The investigation into a coronavirus outbreak on the Navy carrier Theodore Roosevelt didn’t only lead the service to backtrack on a previous recommendation to reinstate the ship’s former commanding officer — but also on how the virus ended up on the ship in the first place.
The Navy’s top admiral said on Friday that they now believe the COVID-19 outbreak on the Roosevelt originated with a March port call in Vietnam, not flight crews bringing supplies to the ship. Officials in April said the timing of the first outbreaks had them eyeing carrier onboard deliveries, known as CODs, as the likely culprit.
But after a wider investigation they no longer believe that to be the case, Chief of Naval Operations Adm. Mike Gilday told reporters. Gilday and Navy Secretary Kenneth Braithwaite briefed reporters Friday afternoon on the outcome of a months-long investigation into the Roosevelt’s outbreak and the subsequent firing of the ship’s commanding officer.
“We think that likely it happened during the port visit to Vietnam,” Gilday said. “… But we don’t have a clear understanding of Patient Zero.”
Thirty-nine members of the Roosevelt’s crew were quarantined after the port call in Vietnam over fears they’d been exposed to the virus, the investigation states. After two weeks though, all 39 showed no signs of having the illness and tested negative for COVID-19.
Around the same time, two air-wing sailors on the ship began showing symptoms. That was after seven COD flights from the Philippines brought passengers and detachment personnel out to the Roosevelt. Four of those personnel later tested positive for the virus, the investigation states.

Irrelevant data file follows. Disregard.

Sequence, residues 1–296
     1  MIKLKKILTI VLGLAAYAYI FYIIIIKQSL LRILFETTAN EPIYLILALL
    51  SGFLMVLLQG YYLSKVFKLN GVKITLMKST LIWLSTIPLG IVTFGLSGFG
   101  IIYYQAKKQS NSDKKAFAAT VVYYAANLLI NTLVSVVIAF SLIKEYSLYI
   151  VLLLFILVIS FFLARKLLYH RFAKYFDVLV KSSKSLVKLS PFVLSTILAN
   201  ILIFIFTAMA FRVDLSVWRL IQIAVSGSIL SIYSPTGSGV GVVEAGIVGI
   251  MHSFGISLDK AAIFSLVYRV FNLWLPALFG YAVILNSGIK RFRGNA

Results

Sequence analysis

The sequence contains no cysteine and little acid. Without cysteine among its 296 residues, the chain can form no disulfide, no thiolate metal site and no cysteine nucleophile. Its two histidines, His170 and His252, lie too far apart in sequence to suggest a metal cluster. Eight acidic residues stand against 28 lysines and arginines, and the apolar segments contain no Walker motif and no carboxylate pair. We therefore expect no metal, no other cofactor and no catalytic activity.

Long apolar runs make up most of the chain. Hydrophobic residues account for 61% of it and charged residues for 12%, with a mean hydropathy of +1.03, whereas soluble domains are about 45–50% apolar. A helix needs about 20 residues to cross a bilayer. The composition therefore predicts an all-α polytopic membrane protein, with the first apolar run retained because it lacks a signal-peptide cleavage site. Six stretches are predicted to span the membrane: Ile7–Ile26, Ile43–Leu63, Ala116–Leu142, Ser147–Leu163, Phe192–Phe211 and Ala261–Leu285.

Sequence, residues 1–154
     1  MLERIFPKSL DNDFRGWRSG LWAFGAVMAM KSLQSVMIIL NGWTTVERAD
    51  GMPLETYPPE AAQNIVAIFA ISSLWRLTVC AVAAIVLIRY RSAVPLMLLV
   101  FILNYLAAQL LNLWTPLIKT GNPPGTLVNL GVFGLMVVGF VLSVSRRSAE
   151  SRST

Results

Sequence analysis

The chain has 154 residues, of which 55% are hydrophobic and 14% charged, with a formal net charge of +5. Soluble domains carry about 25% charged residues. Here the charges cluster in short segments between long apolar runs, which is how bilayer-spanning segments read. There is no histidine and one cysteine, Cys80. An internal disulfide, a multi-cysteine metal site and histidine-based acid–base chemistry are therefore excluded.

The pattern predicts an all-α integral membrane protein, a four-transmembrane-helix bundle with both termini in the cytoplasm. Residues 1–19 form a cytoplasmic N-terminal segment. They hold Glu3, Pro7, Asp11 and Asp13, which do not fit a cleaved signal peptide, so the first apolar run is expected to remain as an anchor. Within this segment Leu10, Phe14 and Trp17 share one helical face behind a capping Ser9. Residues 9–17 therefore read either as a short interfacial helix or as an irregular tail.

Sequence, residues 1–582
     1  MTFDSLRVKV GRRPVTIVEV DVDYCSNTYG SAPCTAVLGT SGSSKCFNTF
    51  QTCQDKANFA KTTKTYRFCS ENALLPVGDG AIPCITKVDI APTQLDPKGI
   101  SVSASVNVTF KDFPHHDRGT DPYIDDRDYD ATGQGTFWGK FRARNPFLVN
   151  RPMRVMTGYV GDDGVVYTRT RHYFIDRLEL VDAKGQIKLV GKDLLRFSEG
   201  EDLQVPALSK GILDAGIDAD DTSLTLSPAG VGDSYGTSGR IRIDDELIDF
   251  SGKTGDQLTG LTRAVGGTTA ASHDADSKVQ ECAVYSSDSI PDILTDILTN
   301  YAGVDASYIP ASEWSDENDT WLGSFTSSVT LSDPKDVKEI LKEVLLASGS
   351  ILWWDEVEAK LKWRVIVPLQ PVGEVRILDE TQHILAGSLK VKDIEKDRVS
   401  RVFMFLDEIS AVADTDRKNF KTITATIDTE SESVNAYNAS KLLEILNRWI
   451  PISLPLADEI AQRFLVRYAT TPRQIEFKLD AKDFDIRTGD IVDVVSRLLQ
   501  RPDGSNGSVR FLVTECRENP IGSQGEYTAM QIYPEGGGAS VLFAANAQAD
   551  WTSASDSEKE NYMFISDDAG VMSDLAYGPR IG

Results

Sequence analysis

“However analysis of the time of their positive results indicates that they were likely not the source of the introduction of the virus,” it adds.
That raised questions about why a captain was held responsible for a situation that arose after someone higher up the chain of command made a decision that ultimately led to a health crisis on the ship. Gilday said the investigation took an “extensive look” into the decision-making before the Roosevelt stopped in Vietnam.
The port call, approved by Adm. Phil Davidson — head of U.S. Indo-Pacific Command — was made a week before the World Health Organization had declared the coronavirus a global pandemic, Gilday said, and there were no State Department warnings for Vietnam and no recorded COVID-19 cases in Da Nang, where the ship was headed.
In looking at Davidson’s call to send the ship to Vietnam, Gilday said “we found that decision was sound.”
“We found no fault with the rationale to make the decision to go into port,” Gilday said.
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